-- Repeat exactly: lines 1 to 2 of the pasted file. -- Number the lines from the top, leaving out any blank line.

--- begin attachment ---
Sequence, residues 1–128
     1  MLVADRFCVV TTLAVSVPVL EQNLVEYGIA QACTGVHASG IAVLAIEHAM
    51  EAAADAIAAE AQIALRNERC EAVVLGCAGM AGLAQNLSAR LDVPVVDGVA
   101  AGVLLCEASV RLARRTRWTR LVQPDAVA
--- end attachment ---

Sequence, residues 1–128
     1  MLVADRFCVV TTLAVSVPVL EQNLVEYGIA QACTGVHASG IAVLAIEHAM